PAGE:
SECTION 2: Cabinet
This was the worst cabinet I have ever seen. It was faded badly (red to pink) and had initials carved into most of the sides and front. In fact, the right side had more carvings than paint on it. Below is the procedure I used for restoring this cabinet. First, I made stencils of the designs on the sides. The cabinet had three colors. Red was the base color, while black and gold were the applied colors. The design on the head was very detailed, while the sides were fairly simple. I made the stencils by first tracing the design onto tracing paper. I marked the black and gold sections appropriately on the paper. I then transferred this to clear acetate sheets. Stencils had to be made for each color and for each cabinet side, each head side, and the front of the cabinet. Thus, there were nine stencils (the front only needed one stencil since the black covered the bottom half).
Next, the cabinet was stripped. I used Citrus strip. IMHO, this is the best stripper on the market. It works better than a lot of other strippers, and it is safe to use indoors. After stripping the cabinet, I had to fix all of the imperfections, dents, dings, and carvings. I used both wood filler and Bondo for this process. The wood filler works great for the smaller imperfections and is easy to work with. Bondo is great for bigger dings. I then sanded the cabinet with 150, 300, 400 grit sandpaper wiping it with mineral spirits in between to remove the particles.
Next came the actual painting. I taped off the metal rails and other areas where I didn't want to get over spray. The base color was red. I sprayed about three coats of Krylon red. For this particular machine, I purposely made the paint job a little "heavier" than the original. I wanted a deeper, richer look than the original cabinets had. Thus, I probably used an extra coat of paint, but the end result was worth it. After the red, I sprayed the black and then the gold. The trickiest part here was in lining up the stencils. Usually, you can mark the placement of stencils by their relation to the edges and side rails. However, the center "star" had no point of reference without making one. Previously, I marked the stars points with marks on the side rails and underneath the cabinet. I also measured the distance from the point to the rails and bottom of the cabinet. This allowed me to position it correctly,
I made one goof on the paint job as shown in the picture pages. As you can see, I had to repaint the first two inches of the gold stripe near the rear leg because I accidentally removed the paint in a spot doing something stupid. Anyway, if you look closely you can see where the two paint jobs "join." Fortunately, it isn't very noticeable unless you are looking for it. When I sprayed the gold on, The section at the rear didn't cover quite as well. So, I got in a hurry and was going to spot spray that spot. In my haste, I got the can too close to the spot. This caused the paint to "pool" and then it actually lifted off the first coat of gold. So, I had to remove all of the gold on the back two inches and repaint the area. Again, my haste caused this to happen. In the end, the paint job turned out the great. The pictures really don't do the look of the machine justice. The colors and the detail are rich and vibrant.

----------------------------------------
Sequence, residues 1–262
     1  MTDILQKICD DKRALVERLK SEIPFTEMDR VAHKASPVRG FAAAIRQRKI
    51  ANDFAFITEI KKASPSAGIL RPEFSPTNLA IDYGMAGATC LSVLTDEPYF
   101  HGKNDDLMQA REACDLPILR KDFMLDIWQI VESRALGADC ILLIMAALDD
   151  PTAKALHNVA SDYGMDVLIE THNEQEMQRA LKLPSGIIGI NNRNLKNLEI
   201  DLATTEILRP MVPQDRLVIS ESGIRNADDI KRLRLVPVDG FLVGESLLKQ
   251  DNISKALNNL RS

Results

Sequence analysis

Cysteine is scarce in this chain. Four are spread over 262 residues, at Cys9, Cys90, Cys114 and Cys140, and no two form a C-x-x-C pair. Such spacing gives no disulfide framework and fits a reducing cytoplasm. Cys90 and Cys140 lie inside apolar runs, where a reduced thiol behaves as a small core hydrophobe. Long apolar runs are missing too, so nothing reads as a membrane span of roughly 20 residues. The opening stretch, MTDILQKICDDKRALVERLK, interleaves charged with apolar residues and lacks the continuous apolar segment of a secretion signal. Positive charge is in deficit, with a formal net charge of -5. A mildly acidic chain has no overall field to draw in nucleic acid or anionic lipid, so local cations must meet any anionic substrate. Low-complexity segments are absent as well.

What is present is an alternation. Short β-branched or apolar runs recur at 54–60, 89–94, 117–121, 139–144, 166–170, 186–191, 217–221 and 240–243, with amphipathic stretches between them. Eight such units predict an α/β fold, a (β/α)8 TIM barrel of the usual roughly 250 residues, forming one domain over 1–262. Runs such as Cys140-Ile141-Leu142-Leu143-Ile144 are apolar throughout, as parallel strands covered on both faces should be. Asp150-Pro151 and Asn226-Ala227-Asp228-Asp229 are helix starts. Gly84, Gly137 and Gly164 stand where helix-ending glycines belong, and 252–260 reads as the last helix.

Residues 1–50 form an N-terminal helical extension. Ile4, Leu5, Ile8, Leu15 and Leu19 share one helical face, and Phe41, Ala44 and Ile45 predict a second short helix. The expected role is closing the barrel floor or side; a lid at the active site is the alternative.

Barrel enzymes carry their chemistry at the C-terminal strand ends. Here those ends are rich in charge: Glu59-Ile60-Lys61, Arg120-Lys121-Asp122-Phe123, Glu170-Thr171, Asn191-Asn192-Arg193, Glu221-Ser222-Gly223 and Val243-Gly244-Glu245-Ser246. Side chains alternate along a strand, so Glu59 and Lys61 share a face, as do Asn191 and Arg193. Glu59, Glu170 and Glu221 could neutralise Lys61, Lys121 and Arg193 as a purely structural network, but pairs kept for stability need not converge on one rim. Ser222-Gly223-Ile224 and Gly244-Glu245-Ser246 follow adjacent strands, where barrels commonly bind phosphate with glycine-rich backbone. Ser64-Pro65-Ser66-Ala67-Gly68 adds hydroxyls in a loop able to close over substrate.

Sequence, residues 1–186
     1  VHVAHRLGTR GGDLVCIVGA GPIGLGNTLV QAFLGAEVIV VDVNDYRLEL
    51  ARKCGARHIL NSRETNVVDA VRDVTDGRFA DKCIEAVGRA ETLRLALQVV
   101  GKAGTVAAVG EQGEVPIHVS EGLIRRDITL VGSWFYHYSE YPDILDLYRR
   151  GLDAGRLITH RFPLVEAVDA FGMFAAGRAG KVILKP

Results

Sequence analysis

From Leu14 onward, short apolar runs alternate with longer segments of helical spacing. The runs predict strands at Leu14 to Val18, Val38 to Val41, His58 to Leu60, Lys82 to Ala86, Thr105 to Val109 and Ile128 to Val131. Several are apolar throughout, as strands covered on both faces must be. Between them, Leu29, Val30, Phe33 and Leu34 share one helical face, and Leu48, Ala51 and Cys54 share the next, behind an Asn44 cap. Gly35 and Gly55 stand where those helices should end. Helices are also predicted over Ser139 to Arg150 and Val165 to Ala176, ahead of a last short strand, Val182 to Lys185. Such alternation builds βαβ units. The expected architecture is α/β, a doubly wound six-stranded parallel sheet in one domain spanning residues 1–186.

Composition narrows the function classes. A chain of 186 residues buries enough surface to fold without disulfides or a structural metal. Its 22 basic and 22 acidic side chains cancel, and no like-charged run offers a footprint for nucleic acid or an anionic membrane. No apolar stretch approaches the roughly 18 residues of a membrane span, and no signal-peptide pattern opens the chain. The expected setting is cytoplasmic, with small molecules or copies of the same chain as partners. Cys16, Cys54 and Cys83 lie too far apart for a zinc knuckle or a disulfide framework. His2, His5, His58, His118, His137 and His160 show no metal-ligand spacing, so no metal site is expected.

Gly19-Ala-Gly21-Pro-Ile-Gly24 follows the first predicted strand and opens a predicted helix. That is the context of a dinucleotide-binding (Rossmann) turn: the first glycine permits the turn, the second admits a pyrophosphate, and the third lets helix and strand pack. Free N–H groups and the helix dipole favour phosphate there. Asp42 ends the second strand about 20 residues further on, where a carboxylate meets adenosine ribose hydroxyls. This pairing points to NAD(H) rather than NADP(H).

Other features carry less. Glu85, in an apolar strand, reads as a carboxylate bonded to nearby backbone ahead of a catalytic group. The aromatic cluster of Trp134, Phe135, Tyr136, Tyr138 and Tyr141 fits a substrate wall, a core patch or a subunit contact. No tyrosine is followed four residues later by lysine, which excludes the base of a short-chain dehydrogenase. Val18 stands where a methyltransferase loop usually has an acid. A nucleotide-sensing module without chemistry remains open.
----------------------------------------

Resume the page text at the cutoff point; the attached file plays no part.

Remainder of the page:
SECTION 3: Playfield
Part 1: Mylar Removal
Both the upper and lower playfields were covered with Mylar. Personally, I do NOT like Mylar, because it slows down the ball. However, if a playfield has Mylar on it and is in good shape, I might decide to leave it on. On this machine, I compromised. I left the Mylar on the upper playfield. The upper playfield had no wear and so it seemed good to leave the Mylar on. The lower playfield had some very minor wear that developed before the Mylar was put on. I decided to remove the Mylar here and touch up those areas.
Mylar removal is not that difficult. The procedure I used is as follows. You can see some pictures of the process by looking at some pictures I took removing the Mylar from my Xenon. Note that today I prefer the freeze method as described here. Materials: Goo Gone, hair dryer, a linoleum or exacto knife, and plenty of paper towels. Squirt Goo Gone on the edges of the Mylar. If you have an area where the Mylar has already started lifting, then squirt it there. Let the goo gone work for about 30 seconds. Then try to slowly pull the Mylar up. To help in the removal, you may also want to use the hair dryer to heat the Mylar. This loosens the adhesive. Just remember, do not use the heat for more than 15-30 seconds. Also, do not heat the playfield directly. Apply the heat to the top of the Mylar. The linoleum knife or exacto knife is used to help get started on the edges. Be careful to not damage the playfield with the blade. The key is patience, patience, patience. Do not rush the process. Let the Goo Gone and heat do the work.
I have done three Mylar removals and the average time for just removing the Mylar without the cleanup was an hour and a half. Be especially careful around playfield inserts. This is where you will have the most danger of having paint lift off. Once the Mylar is removed, it will take a lot of Goo Gone and elbow grease to remove the adhesive residue left from the Mylar. Again, let the Goo Gone work and take your time. You can also use Naphtha to help get the residue off, but be warned, if you let it sit too long before wiping it off, it can cause some lifting.
The finished result on the Flash Gordon was that the playfield was both shinier and faster. Mylar tends to dull the shine of a playfield and it definitely slows it down. After removing the Mylar, I was amazed at how fast the lower playfield was. It plays like a rocket!